Traditionally, textile sensors are made with electronic sensing components that are mounted onto the textile. We have demonstrated four types of textile sensors that can be manufactured directly with carefully designed knitting, structured with conductive yarns. The knitted stitches become the building blocks for the construction of different sensing mechanisms, allowing for the design of the textiles and sensors together in one process.
Material: SensorKnits uses commercially available conductive and dielectric yarn. The materials are scalable beyond lab experiments.
Structure: SensorKnits focuses on the design of special knitting structures that give the knit textile the ability to sense material deformation.
Process: SensorKnits considers the construction of sensor and textile as one process, rather than separately.
There are various core differences between machine knitting sensors, and stacking conductive material on knits. First, machine knitting provides a way to mass produce textiles. Second, it allows the designer to use computer-aided design tools in the making of textiles, allowing a faster iteration on the work. We still appreciate hand-crafted knits, and the truly unique and emotional value that these pieces hold—maybe in the future, more of us will be using computers to knit scarves for our loved ones!
The knit sensors are made with commercially available yarn; after fabrication they feel similar to regular fabric.
Knit sensors contain silver-coated yarn, which has a very thin film of silver deposited on it. Given the quantities of silver used, it’s unlikely to set off metal detectors.
Over time, washing will likely impact the performance of the sensors, though further testing is required to know the minimum number of washes before malfunction. An automatic re-calibration of the sensors could be developed to fine-tune the sensing mechanisms after every wash.
1. Wearable devices: As we have demonstrated in the project video, we can construct a safety light that can be seamlessly integrated into a backpack using a knitted rheostat. This variable resistor allows the control of the lamp’s brightness through a linear mechanism. As such, the predominant collection of user interfaces, faders, knobs, and spinning wheels could be integrated within textiles, whether in clothing, furniture or the numerous types of fabrics used within vehicles.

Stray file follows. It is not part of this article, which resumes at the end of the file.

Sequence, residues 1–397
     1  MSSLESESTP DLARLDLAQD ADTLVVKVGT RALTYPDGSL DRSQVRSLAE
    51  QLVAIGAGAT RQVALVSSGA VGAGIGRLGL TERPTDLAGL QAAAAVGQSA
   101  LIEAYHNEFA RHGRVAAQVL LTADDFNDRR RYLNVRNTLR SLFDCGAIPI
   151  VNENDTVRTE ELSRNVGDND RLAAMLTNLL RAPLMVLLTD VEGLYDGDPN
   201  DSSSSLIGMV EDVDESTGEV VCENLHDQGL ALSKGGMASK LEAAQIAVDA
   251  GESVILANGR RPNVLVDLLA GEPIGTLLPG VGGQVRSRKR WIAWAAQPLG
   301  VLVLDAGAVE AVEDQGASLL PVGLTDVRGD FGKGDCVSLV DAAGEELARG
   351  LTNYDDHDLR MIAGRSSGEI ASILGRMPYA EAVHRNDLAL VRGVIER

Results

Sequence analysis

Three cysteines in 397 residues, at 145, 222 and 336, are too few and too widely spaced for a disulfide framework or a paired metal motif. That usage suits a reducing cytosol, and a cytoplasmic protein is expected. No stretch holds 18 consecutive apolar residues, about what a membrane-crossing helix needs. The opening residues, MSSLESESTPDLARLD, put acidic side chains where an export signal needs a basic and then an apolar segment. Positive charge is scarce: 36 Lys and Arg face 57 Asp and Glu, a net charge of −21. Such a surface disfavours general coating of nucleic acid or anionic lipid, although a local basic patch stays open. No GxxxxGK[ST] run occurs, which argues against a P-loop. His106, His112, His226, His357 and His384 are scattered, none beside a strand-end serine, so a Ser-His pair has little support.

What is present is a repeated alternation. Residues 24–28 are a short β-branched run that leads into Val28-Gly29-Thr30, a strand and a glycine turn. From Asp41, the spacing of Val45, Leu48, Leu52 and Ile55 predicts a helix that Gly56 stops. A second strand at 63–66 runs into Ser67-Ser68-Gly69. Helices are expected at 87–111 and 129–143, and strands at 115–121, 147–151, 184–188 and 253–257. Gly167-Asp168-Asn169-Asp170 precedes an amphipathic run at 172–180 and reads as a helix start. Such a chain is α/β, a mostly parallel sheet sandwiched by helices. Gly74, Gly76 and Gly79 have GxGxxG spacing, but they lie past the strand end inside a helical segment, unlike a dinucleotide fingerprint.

2. Smart interiors: Knitted textiles are commonly used in interior design and decoration. Knit sensors can create smart furniture or decorative pieces that are both aesthetically pleasing and functional.
3. Apparel: Knitted apparel can adopt knitting sensor technology to create on-body sensors to can assist, for example, athletes, patients, and musicians: a patient’s clothing could have respiration sensors integrated right into the fabric, rather that having to wear an external strap which is often cumbersome and uncomfortable.
Mark Weiser, a noted pioneer of ubiquitous computing, said that “[t]he most profound technologies are those that disappear. They weave themselves into the fabric of everyday life until they are indistinguishable from it.” This insight truly resonates with our vision, and our research team is honored to adopt Weiser’s philosophy in the making of this project.
Since the knit sensors are created on various industrial knitting machines, it could be easily adapted within the garment industry.
The beauty of this work is that it was done on exactly the same digital knitting machines used for the mass manufacturing of textiles. As a result, any sensor developed in this way can be produced at scale.
The Media Lab has a history of pioneering work in the fields of embedded sensing and e-textiles. SensorKnits expands on prior work in a number of new areas including:
Methodology: Prior research in smart textiles followed “patching” paradigms, where sensors and textiles were constructed in different processes, and then sewed, glued, or stacked together as one piece. We consider knitted stitches as macroscale building blocks for controlling the electrical properties of textiles. Utilizing the versatility of machine knitting, we can create a wide range of geometries that enable various textile sensing modalities.
Process: Digital knitting allows for the mass production of textiles. Embedding digital knitting machines with special conductive thread allows for the mass production of smart textiles. The application of these types of manufacturing techniques to knitting sensors resembles other novel concepts of additive manufacturing.
SensorKnits is currently an academic research project and is not available for purchase. We are exploring industrial collaborations that may enable this work to become commercialized.
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Check out our research paper; we include our knitting patterns for making the sensor. We also provide information on where to find conductive yarn.
Our abrasion test shows that this is not a problem. The tests are included in the publication.
Yes, you can view the video here.
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